“We’re trying to spend a bit of time there this year to find out who the runners and riders are. Whether we can do any deals there, I don’t know, but we particularly like the market dynamic in Turkey,” he explained.
“It’s a very young population, becoming better educated, beginning to spend some money, and those characteristics traditionally drive a lot of advertising.”
GDP growth in Turkey has exceeded 5% for the past three years and is set to continue on the same trend in 2008 and next year, while total domestic demand is tipped to grow 6.2% and 6.8% respectively, according to OECD forecasts.
But isn’t it notoriously protectionist? “It depends what you’re buying,” said O’Grady. “If you’re trying to buy the equivalent of ITV or The Times, then yes. If you’re trying to buy the equivalent of The Lawyer, or Accountancy Age, or some databases, then people don’t mind so much.”
In a sign that the country is prepared to open up more to outside ownership, Turkey’s Government is reported to have been considering allowing outsiders to own up to 50% rather than 25% of private broadcasters.
The lower limit was blamed for ending foreign interest last year in the sale of the ATV-Sabah broadcast and newspaper group that was eventually acquired by a Turkish conglomerate.
3i has been active in the B2B field over the past year or so, acquiring VNU Media, the market leader in the online and print recruitment advertising market in The Netherlands, in February 2007.
It signalled its further ambitions in the area last autumn with the high-profile appointment as senior adviser of Rosalyn Wilton, chairman of Ipreo LLC, the merger between financial information group Hemscott Plc and i-Deal, a US provider of software, analytics and services to the global capital markets industry. Wilton is working with 3i’s media team to identify deals in business information, with the focus being online opportunities.
3i is not the only big name eyeing up Central and Eastern Europe.
“It’s early days yet,” cautioned Simon Leefe, the Candover managing director who was responsible for the 2003 acquisitions that created Springer, the world’s second largest publisher of scientific journals.
“But I suppose there are companies there that are a little bit further behind in feeling the threat from the Internet. There are often frequently fewer newspapers, fewer magazines, so competition is less intense. And if you look at countries like Poland, there’s a reasonable population and therefore a decent sized economy.” The Nordic countries are also on his radar.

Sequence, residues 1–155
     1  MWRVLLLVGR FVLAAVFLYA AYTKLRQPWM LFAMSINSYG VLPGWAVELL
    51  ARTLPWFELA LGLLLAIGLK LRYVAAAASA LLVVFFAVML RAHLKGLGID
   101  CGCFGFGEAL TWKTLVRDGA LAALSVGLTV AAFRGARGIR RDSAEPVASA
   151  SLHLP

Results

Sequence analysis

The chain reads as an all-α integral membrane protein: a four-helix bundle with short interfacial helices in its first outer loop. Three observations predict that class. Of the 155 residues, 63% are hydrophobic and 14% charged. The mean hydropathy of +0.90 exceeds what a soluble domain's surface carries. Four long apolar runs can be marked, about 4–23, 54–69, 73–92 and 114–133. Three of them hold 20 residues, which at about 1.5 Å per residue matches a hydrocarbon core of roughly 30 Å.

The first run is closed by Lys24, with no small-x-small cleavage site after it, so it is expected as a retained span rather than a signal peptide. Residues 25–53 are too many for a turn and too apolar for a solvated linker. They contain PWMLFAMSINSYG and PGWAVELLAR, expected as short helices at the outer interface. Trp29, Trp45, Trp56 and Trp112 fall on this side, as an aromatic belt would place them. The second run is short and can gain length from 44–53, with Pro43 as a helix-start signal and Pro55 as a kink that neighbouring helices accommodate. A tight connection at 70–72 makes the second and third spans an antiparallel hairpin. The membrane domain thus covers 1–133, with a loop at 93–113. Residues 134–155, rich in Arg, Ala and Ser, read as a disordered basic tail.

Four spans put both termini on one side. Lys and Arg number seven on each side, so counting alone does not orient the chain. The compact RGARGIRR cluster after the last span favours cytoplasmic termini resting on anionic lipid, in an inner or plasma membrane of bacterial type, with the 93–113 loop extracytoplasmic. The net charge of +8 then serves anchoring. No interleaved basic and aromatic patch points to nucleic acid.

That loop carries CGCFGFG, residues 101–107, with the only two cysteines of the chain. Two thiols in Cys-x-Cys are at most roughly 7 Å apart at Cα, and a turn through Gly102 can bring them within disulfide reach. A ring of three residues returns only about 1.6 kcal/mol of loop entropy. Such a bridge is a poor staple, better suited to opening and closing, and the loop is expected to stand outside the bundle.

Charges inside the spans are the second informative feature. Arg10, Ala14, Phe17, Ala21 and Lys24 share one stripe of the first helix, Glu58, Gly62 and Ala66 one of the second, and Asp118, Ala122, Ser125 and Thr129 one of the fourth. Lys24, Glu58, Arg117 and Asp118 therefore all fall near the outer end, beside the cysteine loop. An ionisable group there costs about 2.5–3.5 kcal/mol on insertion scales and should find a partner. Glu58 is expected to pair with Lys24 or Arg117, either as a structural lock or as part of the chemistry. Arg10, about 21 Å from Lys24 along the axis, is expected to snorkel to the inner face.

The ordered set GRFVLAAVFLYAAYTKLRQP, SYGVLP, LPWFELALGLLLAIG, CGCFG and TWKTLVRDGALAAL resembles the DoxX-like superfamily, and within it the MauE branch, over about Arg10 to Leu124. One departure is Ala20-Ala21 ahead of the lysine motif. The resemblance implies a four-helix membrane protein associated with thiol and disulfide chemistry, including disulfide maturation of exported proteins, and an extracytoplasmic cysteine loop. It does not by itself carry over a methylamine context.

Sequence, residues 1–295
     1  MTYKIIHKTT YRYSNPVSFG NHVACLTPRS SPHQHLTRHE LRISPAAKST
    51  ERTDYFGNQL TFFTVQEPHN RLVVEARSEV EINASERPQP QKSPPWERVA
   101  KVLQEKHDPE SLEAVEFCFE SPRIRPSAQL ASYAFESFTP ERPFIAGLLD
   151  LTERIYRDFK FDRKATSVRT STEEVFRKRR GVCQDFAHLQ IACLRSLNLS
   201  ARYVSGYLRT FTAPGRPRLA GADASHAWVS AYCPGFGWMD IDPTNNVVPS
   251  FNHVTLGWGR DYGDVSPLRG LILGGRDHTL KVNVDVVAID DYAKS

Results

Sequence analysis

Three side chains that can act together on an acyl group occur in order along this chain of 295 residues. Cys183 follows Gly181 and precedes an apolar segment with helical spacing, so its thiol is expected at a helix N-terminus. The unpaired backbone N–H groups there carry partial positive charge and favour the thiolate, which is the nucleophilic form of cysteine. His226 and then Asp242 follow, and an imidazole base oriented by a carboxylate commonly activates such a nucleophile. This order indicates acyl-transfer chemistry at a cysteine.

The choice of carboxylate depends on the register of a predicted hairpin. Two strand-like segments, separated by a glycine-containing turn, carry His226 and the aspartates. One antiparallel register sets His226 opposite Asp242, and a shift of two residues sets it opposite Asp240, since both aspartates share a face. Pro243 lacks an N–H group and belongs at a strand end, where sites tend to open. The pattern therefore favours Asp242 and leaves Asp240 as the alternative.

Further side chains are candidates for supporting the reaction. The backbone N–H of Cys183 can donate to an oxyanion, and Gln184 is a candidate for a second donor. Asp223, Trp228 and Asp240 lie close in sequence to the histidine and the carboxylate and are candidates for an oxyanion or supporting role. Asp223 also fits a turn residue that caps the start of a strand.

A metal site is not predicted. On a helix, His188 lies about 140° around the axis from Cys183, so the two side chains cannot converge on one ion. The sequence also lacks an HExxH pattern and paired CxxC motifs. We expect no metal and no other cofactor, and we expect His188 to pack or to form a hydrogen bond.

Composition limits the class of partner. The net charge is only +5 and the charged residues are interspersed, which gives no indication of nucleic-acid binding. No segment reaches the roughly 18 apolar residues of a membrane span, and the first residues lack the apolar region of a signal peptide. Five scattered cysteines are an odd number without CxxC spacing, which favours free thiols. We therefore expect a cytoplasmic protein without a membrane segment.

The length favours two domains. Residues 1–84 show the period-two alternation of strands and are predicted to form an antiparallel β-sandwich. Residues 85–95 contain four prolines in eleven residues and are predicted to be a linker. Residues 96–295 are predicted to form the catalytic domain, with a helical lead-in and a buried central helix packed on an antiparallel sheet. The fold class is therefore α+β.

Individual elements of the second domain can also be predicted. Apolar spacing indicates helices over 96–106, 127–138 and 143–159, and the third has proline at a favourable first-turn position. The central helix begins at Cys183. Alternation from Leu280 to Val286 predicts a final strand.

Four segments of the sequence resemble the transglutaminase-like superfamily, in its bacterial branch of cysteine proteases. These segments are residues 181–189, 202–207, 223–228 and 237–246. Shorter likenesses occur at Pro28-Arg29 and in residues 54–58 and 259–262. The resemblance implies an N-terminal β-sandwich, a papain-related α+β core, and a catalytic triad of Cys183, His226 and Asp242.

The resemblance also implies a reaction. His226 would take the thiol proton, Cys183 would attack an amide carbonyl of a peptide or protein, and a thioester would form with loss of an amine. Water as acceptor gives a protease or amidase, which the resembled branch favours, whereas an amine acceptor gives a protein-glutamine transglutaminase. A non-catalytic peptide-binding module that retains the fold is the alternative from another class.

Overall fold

Smaller B2B players are also hopping on the plane east.
Andrew Hartley, August’s managing partner, revealed that it is to launch a magazine joint venture in the Gulf state of Dubai aimed at ultra-rich customers and those who charter, build, supply, inspect, repair and maintain super yachts for them.
The development follows Boat International’s similar, successful 50:50 joint venture in Russia, geared toward the needs of Russia’s burgeoning numbers of millionaires and billionaires.
Not only does Boat International have a dominant and well established position, it is aimed squarely at a luxury market whose end users are less sensitive than most to economic cycles.
These forays east underline the crowded nature of competition for B2B media deals in Northern Europe, dwindling larger scale opportunities because of consolidation, and vendors’ elevated expectations on price even though economic uncertainty has dented the share prices of quoted B2B companies in the UK.
By mid-December last year, the B2B story appeared to be flagging. The first part of 2007 had seen significant M&A activity in the sub-sector, extending the buoyancy of 2006.
But in quick succession, Emap called off the sale of its B2B unit at the £1.3bn asking price, and Huveaux, publisher of Dod’s Parliamentary Companion and Letts exam guides, announced that August Equity had ended talks over a possible buyout: exit the last private equity interest in Huveaux. Shares in other B2B groups – United Business Media, Centaur Media, and Euromoney Institutional Investor – had also fallen back significantly.
Then in a complete about-turn,
The offer represented a 58% premium to Emap’s share price, demonstrating the value that the prospective buyers placed on the assets as a scale opportunity in a consolidating space and with synergistic potential.